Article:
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29 Cards in this Set

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Infectious agents are all over. Why don't we get sick all the time?
(Hint... Rule #1)
1) The virulence depends on the host-microbe interplay.
2) Normal Flora competes with pathogens
3) The weak, immuno-comprimised are, to an extent, more susceptible
What are the four most common routes of infection?
1) Mucosal (Resp, GI, Genital, Ocular)
2) Skin (via abrasions)
3) Direct injection (Needles, vampires)
4) Endogenous (normal flora)
How do colonized, infectious agents, spread to distant sites though out the body?
(3 basic mechanisms)
1) Direct propogation
2) Blood/ lymph
3) Nervous Tissue
What are the two types of viruses that can spread though nervous tissue?
Herpes Simplex and Rabies
Both can lead to encephalitis
http://en.wikipedia.org/wiki/Encephalitis
Infectious agents cause disease by a variety of mechanisms:
Name two
Release of exotoxins and tissue damaging substances (proteases)
Resisting phagocytosis
List three factors that contribute to the virulence (ability to cause disease) of the microbe.
1) Contagiousness
2) Evasion from immune system
3) Subversion of the immune system
What is the general pathology of chronic liver disease?
Immune response targets viral-infected cells.
It has been proven in animals that Neisseria Meningitis in the presence of CD__ in the meningeal tissue enables colonization.
CD46
What causes E. Coli O157:H7 to release its toxins?
Administration of antibiotics
What causes Corynebacterium Diptheriae to release it's toxin?
Low levels of iron
What causes Pseudomonas aeriginosa to release its toxin?
Interferon-gamma IFN-Υ
What bacteria would you suspect with a pt who cut their hand while cleaning an aquarium?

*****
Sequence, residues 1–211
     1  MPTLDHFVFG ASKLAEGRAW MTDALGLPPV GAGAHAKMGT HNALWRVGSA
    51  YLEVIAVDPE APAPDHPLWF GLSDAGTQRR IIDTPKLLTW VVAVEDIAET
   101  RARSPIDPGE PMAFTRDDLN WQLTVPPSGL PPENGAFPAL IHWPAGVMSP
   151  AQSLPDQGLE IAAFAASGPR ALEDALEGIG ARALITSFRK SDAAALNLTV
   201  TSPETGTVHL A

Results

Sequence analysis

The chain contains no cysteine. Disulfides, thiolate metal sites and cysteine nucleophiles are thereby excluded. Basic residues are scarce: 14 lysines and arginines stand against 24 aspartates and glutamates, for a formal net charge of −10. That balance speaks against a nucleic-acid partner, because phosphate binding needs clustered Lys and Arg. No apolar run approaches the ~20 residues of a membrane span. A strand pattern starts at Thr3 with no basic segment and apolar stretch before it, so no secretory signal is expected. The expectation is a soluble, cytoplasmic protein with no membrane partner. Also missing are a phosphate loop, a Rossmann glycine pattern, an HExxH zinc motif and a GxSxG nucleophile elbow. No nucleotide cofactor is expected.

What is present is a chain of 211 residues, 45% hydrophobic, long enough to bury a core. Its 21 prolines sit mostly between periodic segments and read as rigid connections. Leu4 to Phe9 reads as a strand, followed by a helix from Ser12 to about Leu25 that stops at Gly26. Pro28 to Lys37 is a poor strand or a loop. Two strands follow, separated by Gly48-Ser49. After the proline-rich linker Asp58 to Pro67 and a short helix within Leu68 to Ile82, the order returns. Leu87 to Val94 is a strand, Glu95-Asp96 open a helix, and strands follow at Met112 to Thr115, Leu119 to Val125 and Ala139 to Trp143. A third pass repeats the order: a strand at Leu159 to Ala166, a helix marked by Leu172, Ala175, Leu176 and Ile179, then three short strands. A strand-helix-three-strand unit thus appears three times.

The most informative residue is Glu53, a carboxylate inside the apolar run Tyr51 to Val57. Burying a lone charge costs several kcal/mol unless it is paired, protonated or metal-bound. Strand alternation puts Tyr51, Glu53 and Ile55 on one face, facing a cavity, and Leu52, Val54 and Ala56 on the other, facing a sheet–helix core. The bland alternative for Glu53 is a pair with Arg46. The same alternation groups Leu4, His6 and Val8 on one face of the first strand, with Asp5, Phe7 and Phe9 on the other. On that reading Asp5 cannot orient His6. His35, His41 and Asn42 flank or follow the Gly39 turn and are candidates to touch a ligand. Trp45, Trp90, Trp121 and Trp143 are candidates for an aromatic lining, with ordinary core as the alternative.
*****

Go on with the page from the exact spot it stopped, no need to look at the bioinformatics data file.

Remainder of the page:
Aquatic bacteria such as Mycobacterium marinum
How does one become infected with anthrax?
Skin penetration of bacillus anthracis spores.
What type of bacteria would you suspect in a dog bite?
Francisella tularensis
What type of bacteria is commonly transmitted in a hut tub?
Pseudomonas Aerigonosa. The warm water opens the pores.
What organism would you suspect in the case of gastric or duodenal ulcers?
Helicobacter pylori
What bacteria can invade (translocate through an M cell), survive and grow in a phagocyte?
Listeria
Superficial infections are caused by what type of bacteria? (aerobe, anaerobe, chemotroph, organotroph, thermophile?)
Aerobe or facultative aerobe.
Where, anatomically, are the main reserves for Staphylococcus aureus? (20-60%)
What else is prevelant there?
Anterior Nares
Staph epidermidis 90%
Propionobacterium acnes 80%
What organisms are found in the posterior nares?
Corynebacterium species
Streptococcus pneumoniae
haemophilus influenzae
moraxella catarrhalis (children)
How does normal flora protect you from pathogenic microorganisms?
5 methods
1) Occupy and displace pathogens from binding sites
2) Secrete mucins that prevent attachment
3) Secrete inhibitory metabolic products like fatty acids that lower the Eh (Activity of electrons) and pH
4) Compete with potetial pathogens for nutrients
5) Produce antibacterial substances: Bacteriocins, colicins.
What makes up the dental flora?
Anaerobic or facultative anaerobes such as:
Streptococcus mitis
S. Mutans
S. Sanguis
How does S. Mutans stick to the dental pellicle?
Converts sucrose to polysaccharides. Why sweets cause cavities?
What organism from the oral flora can lead to endocarditis?
Strepto. Sanguis
What two bacteria can survive in the stomach?
Myco Tuberculosis and Helicobacter pylori.
90% of intestinal flora fall into two phyla. What are they?
Bacterioidetes (Gram -) and Firmocutes (Gram +)

Bacteriodes (30% of fecal)
B. Fragilis and B. thetaiotaomicron

and Firmocutes (Gram +)
Bacilli
Peptostreptococci, enterococci, lactobacilli, Clostridia (C Perfingens)
What is bacterial translocation?
The passage of viable resident bacteria from the GI to normally sterile tissues such as the mesenteric lymph nodes and other internal organs.
What is bowel overgrowth syndrome?
Caused by reduced motility, immune suppression, proton pump inhibitors. Normal colonic bacteria move into small intestine and transform nutrients to toxic metabolites.
What are the symptoms of someone suffering from Bowel overgrowth syndrome?
Bloating cramping, nausea, steatorrhea
Bleeding (Vitamin K deficiency)
Malnutrition (Megaloblastic anemia B12 deficiency which leads to peripheral neuropathies)